Of course, lots and lots of people — they’re not difficult to find — would argue that it’s important for fat people to know they’re fat, because fat is so unhealthy. The problem is that, well, not really. And even if fat were universally unhealthy, dieting is, too. Not to mention, it doesn’t work.

Further, while scientists might ostensibly care most about health, most social fat-shamers use “but I’m just concerned for your health!” as a cover up for their moralizing and attempted enforcement of their own aesthetic preferences. And though scientists are supposed to care most about health, the fact that there are a whole lot more quotes from the researchers about the failure of fat people to diet — again, even though diets don’t work — than the fact that many thin people are engaging in really unhealthy activities in order to be thinner is pretty telling.

The findings have serious consequences for obesity prevention, the researchers said, as many women do not recognise they are overweight and so will not join programmes.[...]

Lead author Prof Abbey Berenson, said: “Weight misperception is a threat to the success of obesity prevention programs.

“Overweight individuals who do not recognise that they are overweight are far less likely to eat healthfully and exercise.

“These patients are at risk for cardiovascular disease, type 2 diabetes and other serious problems.

“This is especially important for reproductive-age women because they are more likely to be obese than similarly aged men, often because they’ve had at least one child and have not lost pregnancy weight and find that their schedules make it difficult to exercise and eat healthfully.”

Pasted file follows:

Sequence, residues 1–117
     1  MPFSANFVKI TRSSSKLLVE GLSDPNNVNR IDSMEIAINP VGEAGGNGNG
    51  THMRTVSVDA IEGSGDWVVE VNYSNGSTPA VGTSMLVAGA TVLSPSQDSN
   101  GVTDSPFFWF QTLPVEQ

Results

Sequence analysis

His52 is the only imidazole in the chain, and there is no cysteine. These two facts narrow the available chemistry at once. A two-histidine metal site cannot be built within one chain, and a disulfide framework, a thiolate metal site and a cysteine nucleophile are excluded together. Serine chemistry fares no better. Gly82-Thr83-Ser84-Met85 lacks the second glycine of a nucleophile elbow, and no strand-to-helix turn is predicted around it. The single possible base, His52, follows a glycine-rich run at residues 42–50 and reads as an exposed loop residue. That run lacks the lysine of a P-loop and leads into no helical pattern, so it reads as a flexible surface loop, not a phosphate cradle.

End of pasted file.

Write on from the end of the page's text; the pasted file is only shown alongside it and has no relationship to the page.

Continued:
Of course, no one is also talking about the fact that lots of fat people are also engaging in dangerous practices like smoking, taking laxatives, or throwing up to try to be thin. Because, I mean, who cares — they’re still fat. And no one is talking about thin people who eat foods high in fat and don’t exercise, because who cares — they’re thin.

The point is, this clearly isn’t about health, or we’d be talking about unhealthy habits across the board. And if we want to talk about the unhealthy habits of those thin people who are trying to be even thinner, the problem isn’t that they don’t know just how thin they are. The problem is that thanks to this fatphobic culture we’re living in, they’re so terrified of being fat that they’d rather put their health at risk than be perceived as “unhealthy” and unattractive.

Which is to say that I’m extremely concerned about women’s health, probably a lot more so than most people. I just think that studies like this, and the kind of rhetoric and behaviors they inspire are making women’s health a whole hell of a lot worse.

  1. For those unfamiliar with the term “fat” as anything other than an insult, I want to be clear that I use the term here both to refer to myself and other people as an entirely neutral descriptor with no value judgment attached.  I say that I’m fat in the same way that I might also say that my hair is brunette — or in the same way I might say that person is tall, or that shirt is blue, or that dog is large.
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{ 9 comments }

1 The Goldfish November 23, 2010 at 3:11 pm

I note that they looked at “healthy weight-related practices in the 30 days prior — including eating less, eating differently, or exercising.” They don’t seem to have asked overweight women about their normal diet and exercise levels. The data would be far more informative if they looked at lifestyle overall – it could be that overweight women who perceive themselves as “normal” do so because they know they live healthily, that they exercise plenty and eat well. Or not. We just don’t know.

The BMI thing really bugs me. The data is also rendered meaningless by what can amount to subtle differences in body shape, bone density and so on. If BMI is to be used at all, they should have looked categories of people with more widely varying BMIs – such as “obese” and “normal”. To consider two women with BMIs of 24 and 25 and imagining them to have significantly different health risks relating to weight…?

2 The Goldfish November 23, 2010 at 3:14 pm